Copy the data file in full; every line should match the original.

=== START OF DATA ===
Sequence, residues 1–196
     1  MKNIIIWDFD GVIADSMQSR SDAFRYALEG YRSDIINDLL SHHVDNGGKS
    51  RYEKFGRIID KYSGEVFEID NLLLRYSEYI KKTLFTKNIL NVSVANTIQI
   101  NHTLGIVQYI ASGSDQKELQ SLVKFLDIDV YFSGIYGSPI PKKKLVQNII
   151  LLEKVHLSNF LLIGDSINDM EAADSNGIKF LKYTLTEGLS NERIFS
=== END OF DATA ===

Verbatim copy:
Sequence, residues 1–196
     1  MKNIIIWDFD GVIADSMQSR SDAFRYALEG YRSDIINDLL SHHVDNGGKS
    51  RYEKFGRIID KYSGEVFEID NLLLRYSEYI KKTLFTKNIL NVSVANTIQI
   101  NHTLGIVQYI ASGSDQKELQ SLVKFLDIDV YFSGIYGSPI PKKKLVQNII
   151  LLEKVHLSNF LLIGDSINDM EAADSNGIKF LKYTLTEGLS NERIFS